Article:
“To gain a realistic view of the network development of staff, a growing number of companies are using Organizational Network Analysis (ONA).”
If you notice that an employee has very few connections and it’s likely to impact her productivity or turn her into a flight risk, you can make changes to ensure she increases the number of connections. Consider assigning her to projects outside of her usual work, engaging her in social work events to increase her informal network, or actively introducing her to key players. (At the other end of the spectrum, you can also use ONA to ensure an employee isn’t suffering from collaboration overload.)
2. Assess the Quality of Connections with Employee Sentiment Analysis
To set up a talented worker for success, you need to look at, not just the frequency of workplace interactions, but their quality through employee sentiment analysis.
Many organizations conduct sentiment analysis through once-a-year employee surveys, but to gain real insight, HR leaders must instigate more regular touch points around whether peers and work networks are net contributors to or detractors from success in the business.
In particular, the survey should be designed to investigate whether team members feel safe taking risks and being vulnerable with one another. This is about more than HR people just trying to be nice: Google researchers have found that individuals on teams with higher psychological safety are “less likely to leave, they’re more likely to harness the power of diverse ideas from their teammates, they bring in more revenue, and they’re rated as effective twice as often by executives.”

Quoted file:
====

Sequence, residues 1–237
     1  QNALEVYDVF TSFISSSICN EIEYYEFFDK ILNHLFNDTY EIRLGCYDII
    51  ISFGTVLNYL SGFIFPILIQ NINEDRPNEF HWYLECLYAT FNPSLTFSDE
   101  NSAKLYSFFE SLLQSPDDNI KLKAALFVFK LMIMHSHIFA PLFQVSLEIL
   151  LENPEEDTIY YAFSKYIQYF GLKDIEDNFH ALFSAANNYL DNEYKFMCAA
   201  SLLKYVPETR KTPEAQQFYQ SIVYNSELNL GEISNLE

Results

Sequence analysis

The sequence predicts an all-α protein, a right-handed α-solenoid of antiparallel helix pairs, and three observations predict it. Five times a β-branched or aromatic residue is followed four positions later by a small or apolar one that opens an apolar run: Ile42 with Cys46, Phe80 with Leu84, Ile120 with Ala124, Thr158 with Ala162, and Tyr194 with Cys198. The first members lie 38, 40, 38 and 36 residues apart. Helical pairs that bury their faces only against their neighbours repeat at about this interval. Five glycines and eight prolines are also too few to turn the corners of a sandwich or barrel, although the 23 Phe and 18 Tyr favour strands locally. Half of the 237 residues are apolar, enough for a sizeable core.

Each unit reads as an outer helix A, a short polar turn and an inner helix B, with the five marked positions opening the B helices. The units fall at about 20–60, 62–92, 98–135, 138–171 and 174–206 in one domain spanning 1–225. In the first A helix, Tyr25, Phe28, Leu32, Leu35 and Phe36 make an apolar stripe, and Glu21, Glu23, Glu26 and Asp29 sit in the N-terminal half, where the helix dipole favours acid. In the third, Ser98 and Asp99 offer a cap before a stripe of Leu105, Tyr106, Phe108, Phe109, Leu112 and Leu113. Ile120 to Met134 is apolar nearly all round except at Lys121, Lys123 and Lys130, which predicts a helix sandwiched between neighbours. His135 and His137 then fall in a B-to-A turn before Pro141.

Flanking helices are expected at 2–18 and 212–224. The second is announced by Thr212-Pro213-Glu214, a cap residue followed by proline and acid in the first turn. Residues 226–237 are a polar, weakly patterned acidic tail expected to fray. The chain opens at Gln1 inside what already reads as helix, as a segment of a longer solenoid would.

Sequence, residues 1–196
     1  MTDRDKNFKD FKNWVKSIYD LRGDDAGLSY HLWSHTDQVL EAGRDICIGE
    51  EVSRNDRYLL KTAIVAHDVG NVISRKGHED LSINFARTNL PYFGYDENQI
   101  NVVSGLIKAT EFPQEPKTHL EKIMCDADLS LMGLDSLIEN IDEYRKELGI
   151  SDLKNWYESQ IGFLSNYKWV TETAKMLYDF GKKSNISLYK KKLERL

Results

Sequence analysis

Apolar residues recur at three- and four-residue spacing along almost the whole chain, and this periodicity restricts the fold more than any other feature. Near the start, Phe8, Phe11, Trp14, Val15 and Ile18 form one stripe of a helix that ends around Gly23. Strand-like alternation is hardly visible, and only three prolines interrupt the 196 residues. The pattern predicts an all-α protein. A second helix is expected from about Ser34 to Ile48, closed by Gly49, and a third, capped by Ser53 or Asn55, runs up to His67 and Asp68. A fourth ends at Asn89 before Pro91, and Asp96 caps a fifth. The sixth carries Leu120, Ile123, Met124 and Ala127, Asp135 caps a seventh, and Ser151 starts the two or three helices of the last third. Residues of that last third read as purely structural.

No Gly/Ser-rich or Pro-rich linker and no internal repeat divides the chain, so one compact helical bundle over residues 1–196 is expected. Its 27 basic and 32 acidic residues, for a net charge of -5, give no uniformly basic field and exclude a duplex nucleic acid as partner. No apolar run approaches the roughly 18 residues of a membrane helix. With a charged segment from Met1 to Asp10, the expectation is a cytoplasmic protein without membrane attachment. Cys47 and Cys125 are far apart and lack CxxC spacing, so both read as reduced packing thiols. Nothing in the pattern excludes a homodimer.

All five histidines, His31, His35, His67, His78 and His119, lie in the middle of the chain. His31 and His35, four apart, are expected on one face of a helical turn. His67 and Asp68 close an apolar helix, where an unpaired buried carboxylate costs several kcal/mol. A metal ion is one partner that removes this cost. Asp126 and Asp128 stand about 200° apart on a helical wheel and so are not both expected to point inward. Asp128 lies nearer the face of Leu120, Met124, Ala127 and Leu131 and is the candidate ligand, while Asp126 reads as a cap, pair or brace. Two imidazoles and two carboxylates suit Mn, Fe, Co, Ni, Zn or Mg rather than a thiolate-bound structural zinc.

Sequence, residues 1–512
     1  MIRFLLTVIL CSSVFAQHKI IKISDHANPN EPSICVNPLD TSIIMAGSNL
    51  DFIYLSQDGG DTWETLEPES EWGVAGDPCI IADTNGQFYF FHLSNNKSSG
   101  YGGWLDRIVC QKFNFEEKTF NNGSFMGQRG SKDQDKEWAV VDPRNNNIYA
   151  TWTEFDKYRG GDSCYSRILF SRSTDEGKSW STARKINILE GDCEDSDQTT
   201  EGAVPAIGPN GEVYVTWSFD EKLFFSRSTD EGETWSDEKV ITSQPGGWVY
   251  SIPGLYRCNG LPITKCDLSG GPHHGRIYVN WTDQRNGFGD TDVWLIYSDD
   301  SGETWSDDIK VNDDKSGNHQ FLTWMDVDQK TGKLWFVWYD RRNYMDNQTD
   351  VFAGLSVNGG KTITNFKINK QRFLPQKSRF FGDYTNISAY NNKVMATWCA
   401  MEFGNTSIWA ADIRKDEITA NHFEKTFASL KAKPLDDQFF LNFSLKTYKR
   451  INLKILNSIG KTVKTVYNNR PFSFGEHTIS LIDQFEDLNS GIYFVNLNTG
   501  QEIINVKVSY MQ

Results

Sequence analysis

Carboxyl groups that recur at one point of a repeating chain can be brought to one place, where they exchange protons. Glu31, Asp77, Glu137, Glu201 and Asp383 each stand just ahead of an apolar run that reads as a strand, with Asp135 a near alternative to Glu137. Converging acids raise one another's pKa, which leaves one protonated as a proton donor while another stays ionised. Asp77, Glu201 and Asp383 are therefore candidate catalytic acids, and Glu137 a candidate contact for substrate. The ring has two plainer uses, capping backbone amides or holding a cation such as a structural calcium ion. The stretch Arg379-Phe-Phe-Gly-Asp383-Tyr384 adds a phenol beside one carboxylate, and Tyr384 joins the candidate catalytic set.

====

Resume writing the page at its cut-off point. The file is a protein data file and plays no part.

“To set up a talented worker for success, you need to look at, not just the frequency of workplace interactions, but their quality through employee sentiment analysis.”
Having the opportunity to work without fear of retribution is likely to have more of an impact on certain employees than others. Decades of scientific research spearheaded by pediatrician W. Thomas Boyce has revealed that there are two groups of children: dandelions (those with low-stress reactivity) and orchids (those with high-stress reactivity).
In a laboratory interview testing memory skills, the dandelion children had “competent but average capacities.” Their “ability to remember was completely unaffected by the tenor of the interviewer’s style.” On the other hand, the highly reactive, orchid children had “accurate, encyclopedic memories” when questioned by the nice interviewer, but “couldn’t seem to remember a thing when interacting with the rude, grim interviewer.”
Given that these dandelion/orchid traits can stay with us as adults, this offers the intriguing possibility that certain poor performers (who otherwise have the intelligence and skills to succeed somehow but aren’t) could actually become some of your best performers when placed with emotionally intelligent managers and co-workers.
Growing an Ecosystem Of Talent
As new types of jobs are cropping up faster than businesses can fill them, it’s time to grow the pool of talented, successful workers. Yes, individual skills, intelligence, and experience do count. But star performers are neither born or made — they are continually cultivated with productive workplace relationships.
With an understanding of how team interactions foster productivity, HR leaders can make one plus one equal three. Because after all, a good team is greater than the sum of its parts.